Review: Man of Tai Chi / Cert: 18 / Director: Keanu Reeves / Screenplay: Michael G. Cooney / Starring: Tiger Hu Chen, Keanu Reeves, Karen Mok / Release Date: TBC
Keanu Reeves successfully moves from one side of the camera to the other with a surprising choice for his directorial debut: an old school Hong Kong martial arts film. Reeves plays the antagonist, Mark Donaka, wealthy Hong Kong security company owner and operator of a shady underground fighting ring, who sets his sights on enticing innocent Tiger Chen, (played by the martial artist also known as Tiger Hu Chen, Reeves' martial arts teacher on the Matrix films), the titular Man of Tai Chi, into the ring.
Tiger Chen, a harried courier in Beijing, is the only heir to his particular brand of tai chi passed down through 600 generations, and he aspires to show that it can be much more of a combat-focused martial art than traditionally thought by taking part in legitimate competitions with other martial artists. However, Donaka's fights soon set him down a dark path of needless aggression and unbalanced chi.
Parallel to this story, Sun Jingshi (Mok), a Hong Kong police officer, tracks Donaka and eventually Tiger Chen, hoping to bring down the fighting ring, as she knows that (as shown in the first sequence of the film) no one ever leaves this ring alive. Can Tiger Chen redeem himself before he loses too much of himself and what else has Donaka got in mind for him?
For a first-timer, Reeves directs all aspects of the film very well, taking the necessary time to set up the characters and stories before jumping into the fights, and the decision to keep almost half the dialogue in Chinese (25% Mandarin and 25% Cantonese if reports are correct) keeps the film firmly grounded in reality, apart from a minor fantastical element near the climax that warrants its inclusion in Starburst.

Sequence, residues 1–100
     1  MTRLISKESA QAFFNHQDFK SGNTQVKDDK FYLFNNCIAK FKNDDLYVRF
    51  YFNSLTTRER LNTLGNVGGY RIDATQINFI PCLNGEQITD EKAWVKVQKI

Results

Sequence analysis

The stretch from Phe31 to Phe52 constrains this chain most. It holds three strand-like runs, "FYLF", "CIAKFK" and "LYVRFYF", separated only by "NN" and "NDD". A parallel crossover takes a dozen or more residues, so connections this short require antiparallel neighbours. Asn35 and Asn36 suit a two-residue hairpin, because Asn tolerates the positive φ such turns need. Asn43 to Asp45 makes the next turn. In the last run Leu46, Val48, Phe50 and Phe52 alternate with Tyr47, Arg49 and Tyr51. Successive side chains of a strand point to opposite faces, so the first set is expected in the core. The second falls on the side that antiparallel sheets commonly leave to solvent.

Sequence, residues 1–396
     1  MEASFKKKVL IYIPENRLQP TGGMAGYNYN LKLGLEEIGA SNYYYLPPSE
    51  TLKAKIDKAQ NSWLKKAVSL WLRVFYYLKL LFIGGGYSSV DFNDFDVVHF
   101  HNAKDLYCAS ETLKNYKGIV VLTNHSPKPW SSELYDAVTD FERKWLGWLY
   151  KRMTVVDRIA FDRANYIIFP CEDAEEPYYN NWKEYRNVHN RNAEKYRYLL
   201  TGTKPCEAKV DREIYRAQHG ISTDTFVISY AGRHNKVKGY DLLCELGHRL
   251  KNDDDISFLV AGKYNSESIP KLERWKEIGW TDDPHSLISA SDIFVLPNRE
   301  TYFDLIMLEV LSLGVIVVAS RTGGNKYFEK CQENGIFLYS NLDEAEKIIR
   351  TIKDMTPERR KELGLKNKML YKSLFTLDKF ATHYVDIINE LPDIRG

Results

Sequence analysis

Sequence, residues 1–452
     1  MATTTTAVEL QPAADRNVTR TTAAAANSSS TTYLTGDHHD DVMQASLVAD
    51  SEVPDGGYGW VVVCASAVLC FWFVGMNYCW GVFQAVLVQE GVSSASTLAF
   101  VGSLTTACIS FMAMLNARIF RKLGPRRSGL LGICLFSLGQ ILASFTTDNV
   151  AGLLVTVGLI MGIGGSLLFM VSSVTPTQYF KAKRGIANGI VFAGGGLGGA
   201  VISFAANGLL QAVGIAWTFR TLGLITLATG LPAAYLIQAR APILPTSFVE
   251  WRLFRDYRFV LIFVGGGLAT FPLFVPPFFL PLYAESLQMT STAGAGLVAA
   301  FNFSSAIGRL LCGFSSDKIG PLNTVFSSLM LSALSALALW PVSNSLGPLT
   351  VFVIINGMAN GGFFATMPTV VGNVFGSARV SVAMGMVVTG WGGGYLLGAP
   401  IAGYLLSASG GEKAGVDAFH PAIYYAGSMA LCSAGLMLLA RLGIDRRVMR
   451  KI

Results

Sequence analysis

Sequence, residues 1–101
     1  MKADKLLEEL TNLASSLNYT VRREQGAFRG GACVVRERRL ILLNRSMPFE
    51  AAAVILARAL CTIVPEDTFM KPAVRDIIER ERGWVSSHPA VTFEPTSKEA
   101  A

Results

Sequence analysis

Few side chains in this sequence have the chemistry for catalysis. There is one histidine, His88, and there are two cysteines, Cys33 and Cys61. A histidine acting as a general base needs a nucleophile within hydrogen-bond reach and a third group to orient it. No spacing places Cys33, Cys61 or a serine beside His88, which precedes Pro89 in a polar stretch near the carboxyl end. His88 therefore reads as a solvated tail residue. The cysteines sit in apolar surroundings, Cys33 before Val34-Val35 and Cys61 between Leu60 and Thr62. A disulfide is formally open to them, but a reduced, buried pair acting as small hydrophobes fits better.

It is a martial arts competition film however, and much of the remaining running time is taken up with Tiger’s bouts against opponents from all types of martial arts – the increasing difficulty, and number, of his opponents reflecting his own problems staying true to his sifu’s teachings and his love of tai chi.
Reeves had to abandon plans to use a special rig to move the camera seamlessly around and above the actors while fighting. We can only imagine what visual delights this would have provided, but even so the fighting on display is solid and visceral, the camera staying close in to the combat but still allowing the fight progression and impressive moves to be fully appreciated. These scenes escalate in their brutality as the film progresses, starting with elegant use of tai chi to avoid and redirect blows and graduating to vicious no-holds-barred battles later in the film.
A few scenes using wirework break the tone of the fights due to the unrealistic lack of weight of some characters, but it appears that Reeves himself didn’t appreciate this approach as the technique is quickly dismissed and doesn’t seem to be used again. Acting-wise Chen is likeable as the lead and Reeves provides a first-rate antagonist, even getting his hands dirty later in the film. Man of Tai Chi should appeal to all fans of Hong Kong (and international) action cinema and shows a promising start to what will hopefully be a long and interesting directing career for Reeves.
Expected Rating: 7 out of 10